Monday, October 17, 2011

The diabetes puzzle

Continuing my Diabetes Mythbuster mission, today's message is that there is more than just the "bad kind" and the kind everyone's grandmother has. 

I'm no doctor of course, so if you would like more information, there are some great real sources out there.

Check out the website which has some great information about all of the types.

However, who knew there were so many types - Types 1, 1.5, 2, 3, LADA, Gestational, MODY, Insipidis and more(!) And certainly, with this in mind, one can appreciate the puzzle that our doctors and specialists have to sort out when patients come to them with a host of symptoms.

Sunday, October 16, 2011

Let 'em eat cake

Sometimes I feel like a minnow in a big pond of bloodsuckers (okay, admittedly it was a rough week at the office). I work for a government agency, where I have only a small voice, but what I do have is a huge whiteboard and I'm not afraid to share my message on it.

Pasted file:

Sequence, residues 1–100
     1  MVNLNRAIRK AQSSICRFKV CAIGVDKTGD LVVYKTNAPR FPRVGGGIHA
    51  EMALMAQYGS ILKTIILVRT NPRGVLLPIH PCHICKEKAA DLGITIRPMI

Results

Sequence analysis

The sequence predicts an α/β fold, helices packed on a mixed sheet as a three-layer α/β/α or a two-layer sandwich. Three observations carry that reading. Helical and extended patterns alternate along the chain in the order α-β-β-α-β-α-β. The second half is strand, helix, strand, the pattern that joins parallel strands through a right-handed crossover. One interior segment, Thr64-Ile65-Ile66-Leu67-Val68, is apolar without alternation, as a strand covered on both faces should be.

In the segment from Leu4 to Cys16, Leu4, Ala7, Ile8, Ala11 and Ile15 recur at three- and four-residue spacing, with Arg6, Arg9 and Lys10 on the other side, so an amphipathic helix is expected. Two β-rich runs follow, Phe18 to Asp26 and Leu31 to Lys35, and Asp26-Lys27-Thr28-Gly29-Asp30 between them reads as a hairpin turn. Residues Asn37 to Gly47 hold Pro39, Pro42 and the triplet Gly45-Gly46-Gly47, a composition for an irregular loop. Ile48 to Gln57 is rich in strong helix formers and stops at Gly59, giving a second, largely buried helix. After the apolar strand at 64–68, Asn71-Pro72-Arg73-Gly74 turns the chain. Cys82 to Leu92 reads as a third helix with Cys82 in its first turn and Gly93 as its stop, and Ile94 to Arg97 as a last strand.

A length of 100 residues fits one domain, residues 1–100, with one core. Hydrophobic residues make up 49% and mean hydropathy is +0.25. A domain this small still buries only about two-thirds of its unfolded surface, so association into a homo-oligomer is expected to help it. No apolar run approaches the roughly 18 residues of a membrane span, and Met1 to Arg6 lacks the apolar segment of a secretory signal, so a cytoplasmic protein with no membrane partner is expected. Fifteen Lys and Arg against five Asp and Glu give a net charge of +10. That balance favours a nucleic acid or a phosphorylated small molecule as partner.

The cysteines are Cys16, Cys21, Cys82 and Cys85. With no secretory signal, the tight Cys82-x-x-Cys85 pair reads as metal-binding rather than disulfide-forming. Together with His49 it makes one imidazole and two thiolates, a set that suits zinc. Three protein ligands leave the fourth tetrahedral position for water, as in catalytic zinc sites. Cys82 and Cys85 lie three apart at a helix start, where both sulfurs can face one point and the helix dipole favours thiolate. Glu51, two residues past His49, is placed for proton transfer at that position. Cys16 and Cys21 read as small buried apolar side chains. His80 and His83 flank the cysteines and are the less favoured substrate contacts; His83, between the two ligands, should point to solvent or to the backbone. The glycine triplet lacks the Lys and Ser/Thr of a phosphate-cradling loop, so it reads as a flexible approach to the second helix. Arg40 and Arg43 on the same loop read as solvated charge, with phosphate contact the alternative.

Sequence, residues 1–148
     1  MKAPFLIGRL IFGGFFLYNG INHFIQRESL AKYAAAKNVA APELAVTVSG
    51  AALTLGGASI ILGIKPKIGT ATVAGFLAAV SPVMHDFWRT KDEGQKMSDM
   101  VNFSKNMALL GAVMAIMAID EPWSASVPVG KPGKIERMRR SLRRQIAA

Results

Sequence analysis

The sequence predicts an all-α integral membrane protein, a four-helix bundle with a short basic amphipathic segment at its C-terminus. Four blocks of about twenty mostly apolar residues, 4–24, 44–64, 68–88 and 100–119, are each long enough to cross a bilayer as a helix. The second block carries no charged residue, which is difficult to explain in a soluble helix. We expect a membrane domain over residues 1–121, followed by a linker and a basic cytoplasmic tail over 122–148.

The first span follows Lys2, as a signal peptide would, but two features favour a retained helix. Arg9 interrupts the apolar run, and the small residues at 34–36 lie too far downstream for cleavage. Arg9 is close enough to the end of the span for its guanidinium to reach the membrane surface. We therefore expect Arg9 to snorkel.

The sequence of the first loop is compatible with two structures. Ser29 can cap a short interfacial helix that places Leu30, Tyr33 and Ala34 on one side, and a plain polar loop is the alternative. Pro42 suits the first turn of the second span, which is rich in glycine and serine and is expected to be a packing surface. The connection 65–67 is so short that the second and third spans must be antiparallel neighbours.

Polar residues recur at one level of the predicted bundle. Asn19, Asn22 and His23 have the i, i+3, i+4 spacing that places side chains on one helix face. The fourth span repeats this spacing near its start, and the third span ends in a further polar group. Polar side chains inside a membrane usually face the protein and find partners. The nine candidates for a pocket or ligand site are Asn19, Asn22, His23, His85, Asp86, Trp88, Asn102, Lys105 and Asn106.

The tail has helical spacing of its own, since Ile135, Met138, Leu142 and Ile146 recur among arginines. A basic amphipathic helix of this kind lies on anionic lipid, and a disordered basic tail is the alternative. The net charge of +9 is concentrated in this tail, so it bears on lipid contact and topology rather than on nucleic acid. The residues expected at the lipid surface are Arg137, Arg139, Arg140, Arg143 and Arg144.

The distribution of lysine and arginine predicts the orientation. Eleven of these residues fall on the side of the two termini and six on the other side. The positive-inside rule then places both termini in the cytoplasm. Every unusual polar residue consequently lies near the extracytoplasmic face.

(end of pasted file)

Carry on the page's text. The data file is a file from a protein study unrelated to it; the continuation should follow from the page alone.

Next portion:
So I thought I'd try to get the message out to my colleagues about World Diabetes Day, and along the way, dispel some of the myths that are rampant about diabetes. I knew that my whiteboard would be the perfect venue for the cause.

Then, Friday morning, the very first day of my new mission, not just one, but two(!) friends at work brought me cake! Which is so awesome because it means they were listening to me when I told them that I could eat anything I wanted.

Jamie and her whiteboard
Day 1 of her diabetes advocacy mission